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11 Debt Consolidation Tips for the Serious Financial Consumer
Americans have an eye on using personal loans to consolidate debt – it’s the second-most popular reason to take out a personal loan, behind home improvements, according to an Ipsos/Forbes Advisor study .
“Debt as a whole can be overwhelming for people—especially if it occurs through many sources,” said Dan Morse, area manager at Arizona-based Waterstone Mortgage. “People are wrestling with decisions on which bills to pay with limited resources. It can impact mood and relationships negatively.”
Consolidating many different bills to one larger monthly bill can make debt more manageable. “Depending on the rate and term used to consolidate the debt—it could also save money in the long run,” Morse said.
11 Tips to Consolidate Debt
If you’re looking to consolidate personal data, no matter what the reason, the trick is to do the job using the best tools possible. That will get you the most optimal results in the shortest amount of time.
Fortunately, personal finance experts have no shortage of tips and strategies to consolidate debt in the most efficient manner possible.
Here’s a closer look at 11 of their best debt consolidation ideas.
Cash out refinancing. A mortgage is an example of a way to consolidate debt – especially a cash-out refinance loan.
“A cash out refinance takes your existing mortgage and gives you money to pay off other debt, renovate your home, or just have cash on hand for whatever purpose you wish,” Morse said. “With a cash out refinance, you have one payment amortized over 30 years. That means you can lower your overall expenses drastically.”
Home equity line of credit. A home equity line of credit (HELOC) is a way to keep your first mortgage intact and consolidate into a second mortgage.
RELATED: Cash Out Refinancing Versus Home Equity Loan
“The advantage here is you may have a lower rate than your combined debt,” Morse noted. “The HELOC allows you to pay as much as you can, while knowing you can pull money from the loan if an emergency were to pop up.”
Get a personal loan. If your debt consolidation motivation is improving your credit, a personal loan is a great way to pay off credit cards or lines of credit.
RELATED: Taking a Debt Consolidation Loan? Consider These Factors First
“If your end goal is buying property or a vehicle, a personal loan to consolidate debt is a critical means to an end,” said Julie Aragon, founder at Julie Aragon Lending Team in Santa Monica, Ca.
Borrow from a Life Insurance Policy. Try a “do-it-yourself” debt consolidation strategy and borrow from your life insurance policy. “This move can free up cash from other resources and assets to pay down other debt, thus consolidating your debt,” Aragon said.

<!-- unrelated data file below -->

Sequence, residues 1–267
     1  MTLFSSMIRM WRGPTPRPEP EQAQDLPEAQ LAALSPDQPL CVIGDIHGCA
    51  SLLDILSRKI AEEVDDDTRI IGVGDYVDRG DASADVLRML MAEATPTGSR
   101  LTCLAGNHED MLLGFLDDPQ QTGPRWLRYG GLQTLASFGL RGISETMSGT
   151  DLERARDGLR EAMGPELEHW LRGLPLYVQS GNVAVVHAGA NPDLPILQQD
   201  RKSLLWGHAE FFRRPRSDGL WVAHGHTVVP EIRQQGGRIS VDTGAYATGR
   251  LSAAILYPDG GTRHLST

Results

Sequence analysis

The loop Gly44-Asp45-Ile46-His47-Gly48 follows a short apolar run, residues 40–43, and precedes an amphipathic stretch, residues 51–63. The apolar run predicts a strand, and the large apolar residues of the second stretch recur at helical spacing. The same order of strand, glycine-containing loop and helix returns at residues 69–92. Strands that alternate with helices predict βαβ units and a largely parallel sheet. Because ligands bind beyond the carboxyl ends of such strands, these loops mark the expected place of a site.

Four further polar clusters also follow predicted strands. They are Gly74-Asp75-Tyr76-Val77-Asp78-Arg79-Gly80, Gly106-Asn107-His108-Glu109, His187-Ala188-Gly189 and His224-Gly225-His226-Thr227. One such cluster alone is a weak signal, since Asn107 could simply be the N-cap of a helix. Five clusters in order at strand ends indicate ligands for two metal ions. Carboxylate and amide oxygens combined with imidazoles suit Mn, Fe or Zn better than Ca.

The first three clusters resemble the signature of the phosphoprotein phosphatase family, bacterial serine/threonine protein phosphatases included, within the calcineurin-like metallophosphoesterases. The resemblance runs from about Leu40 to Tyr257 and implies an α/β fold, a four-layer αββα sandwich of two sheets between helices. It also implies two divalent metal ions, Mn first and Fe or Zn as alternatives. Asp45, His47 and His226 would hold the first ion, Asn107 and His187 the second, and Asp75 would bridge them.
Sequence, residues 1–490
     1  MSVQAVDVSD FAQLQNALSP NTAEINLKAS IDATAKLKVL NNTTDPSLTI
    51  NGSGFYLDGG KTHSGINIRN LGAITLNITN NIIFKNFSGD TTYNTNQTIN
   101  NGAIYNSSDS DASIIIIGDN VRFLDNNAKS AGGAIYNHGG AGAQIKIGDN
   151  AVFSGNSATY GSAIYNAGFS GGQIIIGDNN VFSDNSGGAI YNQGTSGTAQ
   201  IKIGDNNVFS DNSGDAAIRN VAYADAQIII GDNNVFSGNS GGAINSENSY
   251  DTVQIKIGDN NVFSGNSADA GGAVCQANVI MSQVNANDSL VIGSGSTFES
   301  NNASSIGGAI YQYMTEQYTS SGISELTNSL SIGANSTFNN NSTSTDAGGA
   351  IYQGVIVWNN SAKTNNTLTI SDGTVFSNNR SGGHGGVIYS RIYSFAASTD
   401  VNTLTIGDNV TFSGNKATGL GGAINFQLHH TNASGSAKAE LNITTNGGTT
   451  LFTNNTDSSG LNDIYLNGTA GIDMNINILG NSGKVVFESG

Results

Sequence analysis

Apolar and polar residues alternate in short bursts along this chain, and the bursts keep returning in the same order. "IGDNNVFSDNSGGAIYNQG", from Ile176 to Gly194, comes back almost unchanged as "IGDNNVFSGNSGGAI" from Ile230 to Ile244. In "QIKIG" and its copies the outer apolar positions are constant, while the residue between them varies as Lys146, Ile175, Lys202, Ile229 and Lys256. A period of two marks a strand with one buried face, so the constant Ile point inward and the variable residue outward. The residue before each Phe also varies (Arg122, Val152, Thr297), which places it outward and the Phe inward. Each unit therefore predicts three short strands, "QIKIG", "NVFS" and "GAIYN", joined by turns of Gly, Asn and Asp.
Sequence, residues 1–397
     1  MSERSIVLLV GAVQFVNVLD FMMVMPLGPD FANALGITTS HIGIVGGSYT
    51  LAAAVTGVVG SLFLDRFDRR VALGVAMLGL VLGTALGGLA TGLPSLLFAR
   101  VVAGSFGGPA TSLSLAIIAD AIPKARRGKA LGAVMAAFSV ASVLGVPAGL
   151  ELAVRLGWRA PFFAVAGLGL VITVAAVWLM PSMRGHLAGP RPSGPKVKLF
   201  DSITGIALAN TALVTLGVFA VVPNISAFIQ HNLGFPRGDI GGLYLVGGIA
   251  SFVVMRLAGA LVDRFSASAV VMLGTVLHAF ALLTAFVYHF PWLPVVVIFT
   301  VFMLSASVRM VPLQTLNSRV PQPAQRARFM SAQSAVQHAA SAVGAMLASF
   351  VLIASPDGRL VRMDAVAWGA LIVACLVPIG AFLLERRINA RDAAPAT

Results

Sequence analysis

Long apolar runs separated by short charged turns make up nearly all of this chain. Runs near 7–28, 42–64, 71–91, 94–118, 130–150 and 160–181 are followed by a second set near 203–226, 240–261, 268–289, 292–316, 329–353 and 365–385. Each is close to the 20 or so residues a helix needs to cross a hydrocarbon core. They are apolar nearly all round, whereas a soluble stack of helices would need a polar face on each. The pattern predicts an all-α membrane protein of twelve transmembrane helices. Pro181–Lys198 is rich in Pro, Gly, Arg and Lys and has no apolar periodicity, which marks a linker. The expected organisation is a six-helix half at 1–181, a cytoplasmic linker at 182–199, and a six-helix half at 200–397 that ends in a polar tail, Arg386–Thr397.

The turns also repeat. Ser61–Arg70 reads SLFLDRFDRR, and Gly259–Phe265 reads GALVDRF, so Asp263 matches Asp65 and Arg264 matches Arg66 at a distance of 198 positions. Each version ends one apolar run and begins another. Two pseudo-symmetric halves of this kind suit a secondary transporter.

Borrow from your retirement fund. Aragon said this strategy can also free up money fast, but do your best to pay it back to keep your long-term financial health in good shape.
Use a balance transfer credit card. If you have high credit card debt, an effective way to consolidate it is with a balance transfer credit card.
“Read the fine print on the credit card’s policies so you can better plan to pay off your debt by the end of the no-interest introductory period,” advised Karen Condor, personal debt expert at Loans.org. “Just know the remaining balance will be subject to a regular credit card interest rate.”
RELATED: How to Consolidate Credit Card Debt
Make a list of all your debts before you consolidate. Jot down a debt consolidation “to do” list that includes the following information, said John T. McFie, investment advisor representative at Wealth Team LLC, in Las Vegas, Nev.
- Requirement Monthly Payment
- Interest Rate
- Time left to payoff
- Calculate: Required Monthly Payment / Balance = Cash Flow ratio
That’s the key information you need to know before properly consolidating debt.
Snowball or avalanche. Next, focus on one debt at a time and consider the following options:
“Paying off a debt with a low balance will free up cash flow to pay off other debts,” McFie said. “Choosing the lowest balance as your top priority is usually considered the “snowball” debt payoff method. Choosing the highest interest rate as a top priority (called the “avalanche” method) will save the most interest mathematically, but cash flow will not be as flexible.”
“Consider using a combination of these methods and consolidating similar debts,” McFie added.
RELATED: Credit Card Debt Snowball Versus Debt Avalanche Payment Models: Which is Better?
Freeze your higher-debt credit cards. “If you go the debt consolidation loan route, put your cards in a Tupperware container, fill it up with water, and throw it in the freezer,” said Victor Vega, New Jersey-based life insurance firm. “Just save the credit card with the smallest balance. This way you don’t run your credit cards up after they’re paid off.”
Pay more on your debt. “When in debt settlement mode, aim to overpay your monthly payment as often as possible to settle your debt faster,” Vega said. “This will help you avoid legal troubles that may happen with debt settlement.”
Widen the playing field. Above all else, if you’re interested in debt consolidation through any debt relief company, take some time to examine all your options.
“Try to get quotes from several companies, including credit unions, online banks, and other lenders,” said Lyle Solomon, an attorney at Oak View Loan Group, in Rocklin, Cal. “And make sure to compare interest rates, fees, and terms before finalizing your decision.”
Brian O'Connell has been a finance writer at TheStreet, TheBalance, LendingTree, CBS, CNBC, WSJ, US News and others, where he shares his expertise in personal finance, credit and debt. A published author and former trader, his byline has appeared in dozens of top-tier national publications.